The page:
The Compulsions and Repercussions of Compulsory Licensing
The recent erosion of investor confidence in India that is doing the rounds in corporate circles is due to a variety of self-defeating strategies that have been adopted by the government. Here is a look at one of government’s such decision that has got the international community sit up and takes notice.
In March 2012, the office of the Controller General of Patents, Designs and Trademarks issued the country’s first compulsory license to Natco Pharma that gave it the right to sell the generic version of Bayer’s patent protected cancer drug, Nexavar. It’s been almost half a year now and there has not been much headway on this front. Bayer’s case against the grant of this compulsory license has been pending since then and is due for hearing on 3 September, 2012 . The government of India has been sleep walking on this issue just like it has been on other contentious issues like General Anti-Avoidance Rule; retrospective amendment to the Income Tax Act; Goods and Services Tax; FDI in sectors like retail, insurance, pharma and aviation, to name a few.
According to a recent study, about six lakh people died of cancer in India in 2010. It is not that there was no cure available back then. Like all other things, the cure was available but was way too expensive at Rs. 2.8 lakhs for a month’s treatment, and out of reach of the majority. Two years later in 2012, the government stepped in and granted a compulsory license to a generic drug maker that brought down the price of the drug by almost 97 percent, thereby making it affordable for many, if not all. Should not the government have been praised for this humanitarian act? Is it the cynicism of Indian people that has made them cry foul? Is it greed that has made the corporates forget the good of the common man? The answer lies elsewhere, as always.
It is no rocket science to know that the amount of effort, cost and time required for the research and development of any pharmaceutical drug is humungous. Any for-profit organisation that invests money into some activity does so with the objective of earning returns from it. Bayer, like many other pharma companies, did the same. It went through the legal route to get its product patented. If the government of India found that the drug was unaffordable, then instead of issuing a diktat on a private organisation, it should have stepped in and looked at a public-private partnership model.
It is the duty of the government to ensure that its people can afford life-saving drugs. However, it cannot do so at the cost of that very organisation that invested so much of its bandwidth in inventing the drug. The right way for the government would have been to purchase the drug from Bayer at a mutually agreeable discounted price to be sold to the end users for free or at subsidized rates. In fact, even at the current price of Rs 8,800 for a month’s treatment that the government is advocating, the drug would not be affordable for over three-fourths of the population; thereby nullifying the very basis of its argument.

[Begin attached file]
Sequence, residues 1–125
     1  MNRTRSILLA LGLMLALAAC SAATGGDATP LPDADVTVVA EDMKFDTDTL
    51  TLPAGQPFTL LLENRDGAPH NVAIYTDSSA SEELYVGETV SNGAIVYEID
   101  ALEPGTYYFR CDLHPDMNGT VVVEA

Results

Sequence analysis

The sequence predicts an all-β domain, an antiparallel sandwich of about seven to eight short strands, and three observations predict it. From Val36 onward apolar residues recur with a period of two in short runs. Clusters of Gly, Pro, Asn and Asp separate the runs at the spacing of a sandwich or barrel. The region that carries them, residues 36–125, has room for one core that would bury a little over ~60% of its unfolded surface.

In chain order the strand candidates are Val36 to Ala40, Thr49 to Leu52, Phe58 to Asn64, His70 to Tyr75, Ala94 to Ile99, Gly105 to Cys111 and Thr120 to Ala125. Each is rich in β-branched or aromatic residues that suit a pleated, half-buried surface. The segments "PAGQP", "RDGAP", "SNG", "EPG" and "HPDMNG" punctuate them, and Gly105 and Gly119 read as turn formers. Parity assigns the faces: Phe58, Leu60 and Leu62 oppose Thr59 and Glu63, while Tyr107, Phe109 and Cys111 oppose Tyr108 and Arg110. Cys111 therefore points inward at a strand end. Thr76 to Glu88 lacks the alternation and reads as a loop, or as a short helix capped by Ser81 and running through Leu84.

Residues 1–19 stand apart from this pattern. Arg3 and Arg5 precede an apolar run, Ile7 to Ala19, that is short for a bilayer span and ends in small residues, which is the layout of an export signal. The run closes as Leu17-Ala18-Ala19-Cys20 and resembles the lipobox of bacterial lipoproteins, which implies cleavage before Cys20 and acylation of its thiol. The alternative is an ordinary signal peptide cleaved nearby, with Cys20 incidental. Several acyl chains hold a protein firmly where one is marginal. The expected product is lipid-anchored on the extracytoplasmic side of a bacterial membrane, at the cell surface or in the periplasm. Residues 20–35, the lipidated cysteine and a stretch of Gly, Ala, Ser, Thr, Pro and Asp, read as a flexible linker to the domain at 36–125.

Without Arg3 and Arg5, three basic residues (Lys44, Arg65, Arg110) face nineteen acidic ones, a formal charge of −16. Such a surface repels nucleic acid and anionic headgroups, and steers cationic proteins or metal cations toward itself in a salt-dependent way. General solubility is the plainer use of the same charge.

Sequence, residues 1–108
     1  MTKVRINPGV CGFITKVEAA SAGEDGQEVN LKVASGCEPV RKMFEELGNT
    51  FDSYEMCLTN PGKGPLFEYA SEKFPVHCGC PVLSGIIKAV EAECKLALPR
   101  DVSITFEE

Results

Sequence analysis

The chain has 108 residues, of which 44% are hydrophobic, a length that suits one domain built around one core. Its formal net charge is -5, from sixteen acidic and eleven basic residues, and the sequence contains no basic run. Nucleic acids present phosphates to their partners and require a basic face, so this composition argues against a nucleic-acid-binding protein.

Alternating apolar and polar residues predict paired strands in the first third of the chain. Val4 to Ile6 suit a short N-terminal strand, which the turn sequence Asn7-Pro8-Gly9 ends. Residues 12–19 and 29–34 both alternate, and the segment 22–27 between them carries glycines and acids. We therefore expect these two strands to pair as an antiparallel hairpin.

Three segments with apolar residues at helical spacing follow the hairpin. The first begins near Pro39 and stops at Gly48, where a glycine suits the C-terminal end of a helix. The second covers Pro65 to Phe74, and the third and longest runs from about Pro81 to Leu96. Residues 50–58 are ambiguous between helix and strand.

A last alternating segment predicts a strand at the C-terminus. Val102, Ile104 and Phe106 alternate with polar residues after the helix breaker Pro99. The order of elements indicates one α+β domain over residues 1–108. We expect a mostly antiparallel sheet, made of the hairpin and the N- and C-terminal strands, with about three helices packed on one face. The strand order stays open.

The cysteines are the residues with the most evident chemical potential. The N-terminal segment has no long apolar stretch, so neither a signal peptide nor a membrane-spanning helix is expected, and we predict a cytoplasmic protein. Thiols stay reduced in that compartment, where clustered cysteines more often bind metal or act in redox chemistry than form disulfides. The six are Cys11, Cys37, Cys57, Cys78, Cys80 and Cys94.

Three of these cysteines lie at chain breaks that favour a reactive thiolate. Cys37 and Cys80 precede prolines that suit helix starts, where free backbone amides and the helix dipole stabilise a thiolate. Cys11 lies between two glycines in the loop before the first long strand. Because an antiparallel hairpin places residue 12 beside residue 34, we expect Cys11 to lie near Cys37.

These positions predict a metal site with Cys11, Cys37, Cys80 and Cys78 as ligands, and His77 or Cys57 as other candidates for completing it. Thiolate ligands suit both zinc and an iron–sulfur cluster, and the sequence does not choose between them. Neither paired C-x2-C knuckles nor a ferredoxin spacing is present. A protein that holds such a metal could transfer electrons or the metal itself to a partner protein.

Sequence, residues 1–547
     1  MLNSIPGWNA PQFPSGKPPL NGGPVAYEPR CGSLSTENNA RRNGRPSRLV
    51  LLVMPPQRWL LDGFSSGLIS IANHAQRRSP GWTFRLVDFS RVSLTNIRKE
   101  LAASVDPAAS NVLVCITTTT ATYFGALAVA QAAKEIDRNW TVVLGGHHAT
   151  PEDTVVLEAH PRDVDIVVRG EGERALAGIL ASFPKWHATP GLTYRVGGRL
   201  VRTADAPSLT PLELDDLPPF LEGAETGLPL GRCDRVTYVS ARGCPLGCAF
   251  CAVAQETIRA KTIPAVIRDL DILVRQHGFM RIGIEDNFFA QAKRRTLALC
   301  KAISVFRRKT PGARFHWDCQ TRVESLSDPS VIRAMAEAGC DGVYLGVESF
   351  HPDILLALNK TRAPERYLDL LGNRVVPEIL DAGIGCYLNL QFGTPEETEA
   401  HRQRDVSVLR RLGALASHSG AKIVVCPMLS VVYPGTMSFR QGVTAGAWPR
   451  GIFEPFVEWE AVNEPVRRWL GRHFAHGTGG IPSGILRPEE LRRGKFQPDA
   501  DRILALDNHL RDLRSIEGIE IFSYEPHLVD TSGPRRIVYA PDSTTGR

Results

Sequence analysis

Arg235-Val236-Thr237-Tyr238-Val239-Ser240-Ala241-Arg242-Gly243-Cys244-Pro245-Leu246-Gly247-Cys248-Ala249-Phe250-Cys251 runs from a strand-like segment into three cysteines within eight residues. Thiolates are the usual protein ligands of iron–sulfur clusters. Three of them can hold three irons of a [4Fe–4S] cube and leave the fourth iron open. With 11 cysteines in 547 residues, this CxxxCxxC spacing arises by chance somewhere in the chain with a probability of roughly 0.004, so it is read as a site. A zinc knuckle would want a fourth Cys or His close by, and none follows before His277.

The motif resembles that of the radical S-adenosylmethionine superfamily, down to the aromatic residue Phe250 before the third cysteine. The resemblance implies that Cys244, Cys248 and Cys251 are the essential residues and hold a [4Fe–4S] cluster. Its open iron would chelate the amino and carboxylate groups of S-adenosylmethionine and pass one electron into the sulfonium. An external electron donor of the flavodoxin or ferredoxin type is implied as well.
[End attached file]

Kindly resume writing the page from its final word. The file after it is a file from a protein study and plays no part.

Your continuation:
It is the responsibility of the government to create an environment conducive to the development of life-saving drugs in India. Since it has failed in this area, it becomes all the more important for it to support multinationals that have developed such capabilities, thanks to the efforts of their respective governments. Though multinationals are doing no charity by selling their drugs in India, it is still a great benefit for the Indian people. Thus, the Indian government should go out of the way to encourage such innovations as it ultimately would help its people as well. If it expects the multinationals to share their fruits with its people, then it should either contribute to the R&D cost or let the multinationals decide the price for themselves. The government cannot have the cake and eat it too in the name of social good. It is grossly unjustified to determine the output price of something for which the input price was borne by someone else.
What befuddles many is how the government can be so myopic in its view? Does the government not understand the fallouts of its decisions? Does it not understand that by taking such steps, it runs the risk of making patent protection redundant? In 2010, Natco had applied for a voluntary license for the very same drug for which it has got the compulsory license in 2012. Does this not undermine the importance of voluntary licenses? If a multinational offers its drugs at lower rates in India, would not other countries demand the same? How would it recover its R&D costs in such a case? Would it not stifle innovation? How will the government prevent the misuse of compulsory licensing in a country where government officials are infamous for favouritism? How can the government put this issue on the back burner?
There is no dearth of proactive measures and strategies that the government can come up with like providing adequate health insurance cover for life threatening diseases that require expensive cures. However, in a country where basic health cover for around 98 percent of the population is lacking, this may be too much for the government to target. Another strategy could be to have differential pricing according to the income levels of the end-users; again a challenging task given the current system in India that is prone to misuse and black marketing.
One can be convinced beyond a reasonable doubt that the best of all strategies would be to become self-reliant. If a country cannot, then it needs to adjust. But, where is the will of the government to act, leave alone pro-act? Perhaps, it is busy preparing the ground for the 2014 elections. For it, life threatening diseases can always wait...
Shobhika Puri is a freelance writer